Zettelkasten Forum

Share with us what ideas you're grappling with this week. April 20, 2023

edited April 2023 in Your Current Projects

I'll go first again. But please take all this as an invitation to share your adventures and what you are reading. As you see, mine are boring, and you are probably doing more interesting stuff.

Typical of when I'm in class, my note-taking is slowed. More accurately, my refactoring of notes into atomic-sized notes has slowed. As many words are added to my ZK as usual, but each note is bigger. Because of the speed of the class, I don't feel I have time to refactor the notes I've captured from reading. "Read Hot Epic" is 800 words. I keep all the ideas captured from the story in a single note, hoping to atomize the note sometime. In the meantime, I have all the ideas, and because of my search skills, the ideas are not lost.

@Sascha's article Why the Single Note Matters is a real eye opener. I realize that I don't pay care and attention to each and every note. The effort and time commitment in this practice are what is called zettelkasting. The rewards are a supportive ZK partner. If you consider this a downside, the downside is that this activity siows time. You will naturally slow down. In a non-pressure environment, this is a good thing. Not so sure it works in a classroom setting with a schedule to keep up with.

I've started a list in my journal of projects to advance once I've completed the food writing seminar. That way, they can be off my mind and safely on a list. (Classic GTD principle)

I'm reading - Fisher, M. F. K.. The gastronomical me, Penguin Random House Publisher Services. 1989.

My ten-day zettel production

Post edited by Will on

Will Simpson
I must keep doing my best even though I'm a failure. My peak cognition is behind me. One day soon I will read my last book, write my last note, eat my last meal, and kiss my sweetie for the last time.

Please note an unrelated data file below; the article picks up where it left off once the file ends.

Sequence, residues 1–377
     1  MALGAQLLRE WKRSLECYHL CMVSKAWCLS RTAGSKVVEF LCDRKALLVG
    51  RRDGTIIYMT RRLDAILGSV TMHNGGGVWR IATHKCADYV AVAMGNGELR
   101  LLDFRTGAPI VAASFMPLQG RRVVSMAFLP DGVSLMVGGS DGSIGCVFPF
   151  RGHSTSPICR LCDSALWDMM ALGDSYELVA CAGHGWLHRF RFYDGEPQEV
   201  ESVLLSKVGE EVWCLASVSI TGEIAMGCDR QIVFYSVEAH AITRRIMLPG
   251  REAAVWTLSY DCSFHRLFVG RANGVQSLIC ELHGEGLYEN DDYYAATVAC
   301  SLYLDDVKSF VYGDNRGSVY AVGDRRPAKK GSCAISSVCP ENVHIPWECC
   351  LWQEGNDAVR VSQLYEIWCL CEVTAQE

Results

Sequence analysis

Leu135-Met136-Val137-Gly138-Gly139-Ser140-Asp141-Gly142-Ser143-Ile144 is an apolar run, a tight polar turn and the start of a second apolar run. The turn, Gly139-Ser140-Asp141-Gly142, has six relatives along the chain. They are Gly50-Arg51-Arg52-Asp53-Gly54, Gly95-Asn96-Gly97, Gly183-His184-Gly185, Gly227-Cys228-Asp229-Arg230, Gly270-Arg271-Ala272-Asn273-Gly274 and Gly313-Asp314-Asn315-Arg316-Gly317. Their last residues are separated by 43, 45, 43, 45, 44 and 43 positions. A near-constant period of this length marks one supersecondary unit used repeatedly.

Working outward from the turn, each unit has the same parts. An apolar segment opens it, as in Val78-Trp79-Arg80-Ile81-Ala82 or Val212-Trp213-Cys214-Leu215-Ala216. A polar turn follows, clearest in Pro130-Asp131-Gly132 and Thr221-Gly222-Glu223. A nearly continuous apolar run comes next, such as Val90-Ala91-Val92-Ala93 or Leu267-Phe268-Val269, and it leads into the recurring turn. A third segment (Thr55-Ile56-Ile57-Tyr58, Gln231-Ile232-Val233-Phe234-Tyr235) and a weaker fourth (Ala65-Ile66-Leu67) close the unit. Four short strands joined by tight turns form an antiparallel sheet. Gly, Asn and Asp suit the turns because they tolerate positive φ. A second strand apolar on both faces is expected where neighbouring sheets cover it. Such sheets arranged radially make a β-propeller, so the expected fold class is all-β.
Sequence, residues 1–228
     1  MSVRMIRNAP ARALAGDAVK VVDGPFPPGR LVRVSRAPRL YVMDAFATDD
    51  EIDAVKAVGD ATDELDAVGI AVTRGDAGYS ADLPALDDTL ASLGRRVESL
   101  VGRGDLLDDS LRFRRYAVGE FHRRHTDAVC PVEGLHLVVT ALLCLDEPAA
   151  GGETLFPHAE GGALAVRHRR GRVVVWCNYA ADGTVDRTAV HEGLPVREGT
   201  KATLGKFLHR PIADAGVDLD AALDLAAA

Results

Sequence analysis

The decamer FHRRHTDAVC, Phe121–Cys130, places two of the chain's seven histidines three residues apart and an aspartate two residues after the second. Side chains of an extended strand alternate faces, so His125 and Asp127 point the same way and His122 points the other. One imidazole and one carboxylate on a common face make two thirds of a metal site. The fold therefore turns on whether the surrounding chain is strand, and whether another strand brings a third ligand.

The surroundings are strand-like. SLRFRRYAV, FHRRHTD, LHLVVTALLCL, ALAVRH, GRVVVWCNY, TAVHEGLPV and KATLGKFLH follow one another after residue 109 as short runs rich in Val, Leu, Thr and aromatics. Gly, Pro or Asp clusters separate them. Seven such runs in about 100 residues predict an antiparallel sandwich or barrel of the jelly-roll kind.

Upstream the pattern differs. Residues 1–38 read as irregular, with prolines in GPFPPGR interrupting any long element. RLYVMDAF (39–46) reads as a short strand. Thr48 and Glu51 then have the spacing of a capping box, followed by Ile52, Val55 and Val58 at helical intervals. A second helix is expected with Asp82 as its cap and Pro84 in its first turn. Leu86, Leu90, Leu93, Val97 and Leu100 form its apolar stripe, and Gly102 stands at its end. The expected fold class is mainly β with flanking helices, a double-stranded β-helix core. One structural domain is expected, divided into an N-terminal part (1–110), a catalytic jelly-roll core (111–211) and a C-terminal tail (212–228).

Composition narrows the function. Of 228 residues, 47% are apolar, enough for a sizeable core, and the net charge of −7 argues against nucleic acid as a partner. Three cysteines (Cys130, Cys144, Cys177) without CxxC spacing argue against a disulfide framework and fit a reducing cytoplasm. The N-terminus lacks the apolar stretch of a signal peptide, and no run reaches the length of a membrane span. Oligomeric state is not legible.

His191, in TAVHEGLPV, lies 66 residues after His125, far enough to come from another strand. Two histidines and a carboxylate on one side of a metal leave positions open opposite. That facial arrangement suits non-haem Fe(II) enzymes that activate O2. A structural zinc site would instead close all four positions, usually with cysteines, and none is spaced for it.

• I finished the last 2 (short and summary) chapters of Merlin Sheldrake: Entangled Life. Interesting and horrifying things learned about fungi. I don't have a "fungus" department in my ZK, yet, so whatever I take from this book will be new.

    Currently still reading:

    • Baldur Bjarnson: Out of the Software Crisis (web),
    • Craig A Finseth: The craft of Text Editing
    • Foster: Celebration of Discipline

    Zettel from last week: very technical
    202304140836 CSS text-wrap property can balance multi-line headings
    202304140917 React to any ObservableObject model change
    202304181735 Access enclosing object instance from within property wrapper
    202304181909 § `sed` command
    202304191534 Find temp folder in Windows PowerShell
    202304191624 Silence kCGImageSourceTypeIdentifierHint error from NSImage file loading
    202304191642 § Theophil - Nobody Can Program Correctly
    202304191649 There are no rare bugs
    202304191652 File locks don't work for threads inside the same process
    202304191656 § Iterative process of debugging
    202304191709 Reproducibility scale of bugs in software
    202304200833 RAII Resource Acquisition Is Initialization technique
    202304210907 Convert some pages from PDF with ImageMagick
    202304210907 Select pages from PDF with ImageMagick
    202304210925 Extract Makefile functions as canned recipes
    202304210931 Makefile multi-line variables
    202304211001 Design web apps as offline-first
    202304211745 Tuckman's stages of group development